Hershberger's Family Farm Field Day - Sustainable Farming Education - Sugarcreek, Ohio
A few years ago i volunteered for OEFFA (Ohio Ecological Food and Farm Association), and had the opportunity to make some photographs at the Hershberger Family Farm Field Day event. The event is organized by the Family Farm Field Day Committee and the Small Farm Institute, a nonprofit committed to the development, promotion and support of Ohio's small family farm agricultural and forestry ventures within the Appalachian region of southern Ohio. The event is largely focused on sustainable farming practices, and low impact farming. It attracts between 4,000 and 5,000 people annually, and moves locations every two years to keep fresh people and energy involved in it. You do not have to be a farmer to attend, and the event is free and open to the public.
There are many different activities to attend during these events. Including seminars on cheese making, homemaking, bread baking, timber management, composting as well as many other topics. There were also free demonstrations and lectures on alternative energy, beekeeping, natural resources, grazing, the farmstead, and the homestead. There were even nature hikes and birding walks for the children.
This event is focused on preserving the heritage of Ohio's small family farms through lower energy agricultural activities that promote family lifestyles revolving around the farmstead and homestead. It was a particularly interesting experience for me, because the event consisted of primarily Amish and Mennonite families from Ohio and Pennsylvania. Some families however, traveled all the way from the west coast, and there was even one Mennonite family from Mexico. i grew up in rural, central Ohio, and there were many Amish communities located just a short drive from us, but i never really got to know anyone from the communities or that much about them.
However, when i was young, my grandpa would take me to the livestock auctions that were always heavily attended by the Amish farmers. i remember watching the Amish children standing in a circle, playing different games with each other to pass the time. They were always smiling and laughing and they seemed to have a much better time with each other than the groups of kids at my Elementary School. i'm sure it was a case of the "grass is always greener" perception, but i found their lifestyle intriguing and mysterious and i always wanted to know more about them.
So as an adult, i was excited to attend this event, and have the opportunity to discuss the lifestyle and food production with many of the farmers. Because of their lifestyle, it surprised me to learn that the majority of Amish farms are non-organic. i suppose i just assumed with their stewardship to the land that they didn't use chemicals in their agricultural practices. One of the reasons for this, is people like me, assume that because it is Amish grown, even if it isn't certified, it must be "all naturally" grown. So going through the expense of converting their farm to organic, even though they would quickly recoup the cost with the organic certified premiums, they still don't feel like it makes sense from a marketing standpoint.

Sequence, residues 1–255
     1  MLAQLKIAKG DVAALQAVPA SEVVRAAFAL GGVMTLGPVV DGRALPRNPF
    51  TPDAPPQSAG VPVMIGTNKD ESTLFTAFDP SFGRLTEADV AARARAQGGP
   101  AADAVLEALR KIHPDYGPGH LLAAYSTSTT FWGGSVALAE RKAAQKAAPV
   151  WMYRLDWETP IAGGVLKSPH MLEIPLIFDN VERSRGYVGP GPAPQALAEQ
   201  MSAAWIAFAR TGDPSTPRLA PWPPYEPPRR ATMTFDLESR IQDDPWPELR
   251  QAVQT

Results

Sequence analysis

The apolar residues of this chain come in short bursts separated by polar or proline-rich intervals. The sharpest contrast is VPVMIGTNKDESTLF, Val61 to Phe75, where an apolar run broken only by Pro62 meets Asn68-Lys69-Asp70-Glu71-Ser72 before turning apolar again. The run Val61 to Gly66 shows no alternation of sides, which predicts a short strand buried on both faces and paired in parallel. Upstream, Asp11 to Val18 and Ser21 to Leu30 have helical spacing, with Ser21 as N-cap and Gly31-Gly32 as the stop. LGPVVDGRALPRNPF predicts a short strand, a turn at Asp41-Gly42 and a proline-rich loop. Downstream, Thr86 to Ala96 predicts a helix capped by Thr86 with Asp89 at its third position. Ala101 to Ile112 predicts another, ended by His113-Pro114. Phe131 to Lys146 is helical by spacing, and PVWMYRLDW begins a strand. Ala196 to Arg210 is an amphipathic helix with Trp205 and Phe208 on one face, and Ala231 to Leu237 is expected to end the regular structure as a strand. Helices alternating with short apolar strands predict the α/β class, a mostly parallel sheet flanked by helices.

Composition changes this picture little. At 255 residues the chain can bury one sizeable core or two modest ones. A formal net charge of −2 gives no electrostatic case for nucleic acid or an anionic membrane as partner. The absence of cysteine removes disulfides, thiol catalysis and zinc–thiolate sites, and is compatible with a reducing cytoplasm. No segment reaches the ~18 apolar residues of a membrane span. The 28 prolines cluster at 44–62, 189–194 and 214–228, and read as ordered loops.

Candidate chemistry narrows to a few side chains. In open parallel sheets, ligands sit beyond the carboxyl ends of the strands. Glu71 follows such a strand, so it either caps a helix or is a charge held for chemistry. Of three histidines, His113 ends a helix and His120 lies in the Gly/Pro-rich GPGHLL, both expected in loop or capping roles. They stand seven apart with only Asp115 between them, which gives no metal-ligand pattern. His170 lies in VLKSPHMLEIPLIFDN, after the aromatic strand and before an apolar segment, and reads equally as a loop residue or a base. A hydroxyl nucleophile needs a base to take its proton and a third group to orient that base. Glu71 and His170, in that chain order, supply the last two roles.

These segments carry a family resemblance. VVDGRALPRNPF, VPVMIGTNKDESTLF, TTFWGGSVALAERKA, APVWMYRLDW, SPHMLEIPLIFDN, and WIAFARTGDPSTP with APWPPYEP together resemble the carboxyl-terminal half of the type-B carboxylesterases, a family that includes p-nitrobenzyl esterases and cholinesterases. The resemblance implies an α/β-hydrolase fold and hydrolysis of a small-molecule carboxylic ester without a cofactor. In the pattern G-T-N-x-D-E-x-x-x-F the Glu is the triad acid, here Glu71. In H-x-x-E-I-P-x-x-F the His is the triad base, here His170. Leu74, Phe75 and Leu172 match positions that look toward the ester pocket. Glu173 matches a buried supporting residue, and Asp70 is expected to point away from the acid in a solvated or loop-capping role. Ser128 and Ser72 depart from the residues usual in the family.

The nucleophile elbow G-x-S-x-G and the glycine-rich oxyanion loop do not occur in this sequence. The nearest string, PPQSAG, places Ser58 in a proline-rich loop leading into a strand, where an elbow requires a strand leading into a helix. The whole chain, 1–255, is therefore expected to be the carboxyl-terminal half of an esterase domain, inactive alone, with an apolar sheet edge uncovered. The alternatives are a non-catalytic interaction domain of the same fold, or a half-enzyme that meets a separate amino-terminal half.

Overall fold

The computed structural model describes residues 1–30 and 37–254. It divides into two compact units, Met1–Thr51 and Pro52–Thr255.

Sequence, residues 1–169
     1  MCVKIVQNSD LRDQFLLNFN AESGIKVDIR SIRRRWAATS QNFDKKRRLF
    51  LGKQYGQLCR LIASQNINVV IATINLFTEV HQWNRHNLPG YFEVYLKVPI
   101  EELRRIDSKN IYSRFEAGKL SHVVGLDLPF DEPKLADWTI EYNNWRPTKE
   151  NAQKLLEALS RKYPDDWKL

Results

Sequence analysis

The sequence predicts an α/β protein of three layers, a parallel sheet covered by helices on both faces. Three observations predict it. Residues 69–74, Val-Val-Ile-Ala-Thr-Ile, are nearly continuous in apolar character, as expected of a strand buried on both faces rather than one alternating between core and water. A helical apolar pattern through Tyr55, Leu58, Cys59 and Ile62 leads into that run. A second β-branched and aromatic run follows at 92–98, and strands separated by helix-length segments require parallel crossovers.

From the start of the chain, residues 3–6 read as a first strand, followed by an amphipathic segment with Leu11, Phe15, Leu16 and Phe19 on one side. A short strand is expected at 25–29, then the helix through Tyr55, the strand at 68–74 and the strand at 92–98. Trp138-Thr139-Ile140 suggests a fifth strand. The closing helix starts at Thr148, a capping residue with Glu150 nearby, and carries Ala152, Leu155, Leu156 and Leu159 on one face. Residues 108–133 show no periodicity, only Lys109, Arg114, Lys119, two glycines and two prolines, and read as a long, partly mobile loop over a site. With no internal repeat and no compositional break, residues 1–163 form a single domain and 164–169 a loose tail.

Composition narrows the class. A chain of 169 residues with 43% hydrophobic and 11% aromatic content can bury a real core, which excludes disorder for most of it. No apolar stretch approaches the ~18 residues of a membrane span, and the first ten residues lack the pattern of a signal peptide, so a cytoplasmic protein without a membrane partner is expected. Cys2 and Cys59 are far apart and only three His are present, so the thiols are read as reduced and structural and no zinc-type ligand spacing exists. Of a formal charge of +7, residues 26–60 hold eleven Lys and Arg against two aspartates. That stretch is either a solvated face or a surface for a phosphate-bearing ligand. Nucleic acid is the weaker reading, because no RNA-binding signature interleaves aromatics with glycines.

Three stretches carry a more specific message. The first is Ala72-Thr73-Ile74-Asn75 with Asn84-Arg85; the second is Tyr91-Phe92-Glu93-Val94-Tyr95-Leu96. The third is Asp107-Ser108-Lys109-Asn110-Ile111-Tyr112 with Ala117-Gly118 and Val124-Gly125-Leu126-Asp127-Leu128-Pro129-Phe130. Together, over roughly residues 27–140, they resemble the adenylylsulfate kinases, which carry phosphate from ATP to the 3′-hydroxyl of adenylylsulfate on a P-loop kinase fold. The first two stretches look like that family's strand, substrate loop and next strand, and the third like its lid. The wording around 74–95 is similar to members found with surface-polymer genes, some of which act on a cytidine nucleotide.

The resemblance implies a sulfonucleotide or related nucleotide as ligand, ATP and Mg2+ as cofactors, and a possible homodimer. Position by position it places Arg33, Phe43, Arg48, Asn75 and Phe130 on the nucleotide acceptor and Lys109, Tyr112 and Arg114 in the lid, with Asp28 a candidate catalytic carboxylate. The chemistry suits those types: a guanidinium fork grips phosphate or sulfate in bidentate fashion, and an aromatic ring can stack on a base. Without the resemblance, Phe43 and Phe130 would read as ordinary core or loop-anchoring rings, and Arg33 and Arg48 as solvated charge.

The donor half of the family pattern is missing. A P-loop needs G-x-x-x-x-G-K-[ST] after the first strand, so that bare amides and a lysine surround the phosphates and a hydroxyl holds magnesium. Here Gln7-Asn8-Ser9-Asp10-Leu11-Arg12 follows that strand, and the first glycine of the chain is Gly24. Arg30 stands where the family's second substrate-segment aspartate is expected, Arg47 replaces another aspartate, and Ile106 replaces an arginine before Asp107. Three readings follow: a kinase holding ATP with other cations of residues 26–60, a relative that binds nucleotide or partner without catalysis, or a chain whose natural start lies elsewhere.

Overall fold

Many farms in the Amish communities however, are becoming certified organic and there does seem to be a growing concern about sustainable practices. Several of the farmers at the event are part of the Organic Valley cooperative that is based in La Farge, Wisconsin. Organic Valley is made up of 1,834 farmer-owners who are spread out over 32 states and three Canadian provinces that practice sustainable, organic agriculture. These events are a great place to promote these sustainable practices, and to educate other farmers about the benefits of it. The Hershberger Farm, where it was held, is a certified grass-fed dairy farm, which was convenient for those who are curious to see to see how it all works, and hopefully reduce some of the fears and concerns associated with converting.
One thing i noticed at this particular event was the level of organization. Even with thousands of people showing up at a medium sized family farm in horse-drawn buggies, cars, trucks, bicycles, walking, and on tractors, there didn't seem to be any chaos. The patience that was displayed was quite impressive. The food lines were a sight to see as well. Everyone lined up in perfect lines as if it were a military operation, and waited calmly for their turn. Considering the volume of people that moved through possibly six lines where the food was being served, it all happened very quickly. It was strange to observe considering the impatient scene at most state fairs or amusement parks these days.
It was a wonderful experience to visit the farm and to become more familiar with the Amish and Mennonite lifestyles. Events such as these seem extremely useful in educating people who aren't necessarily exposed to the same media about the food situation in the world. Farming is obviously a large part of many of their lives, and being educated about the dangers of non-sustainable practices is the first step.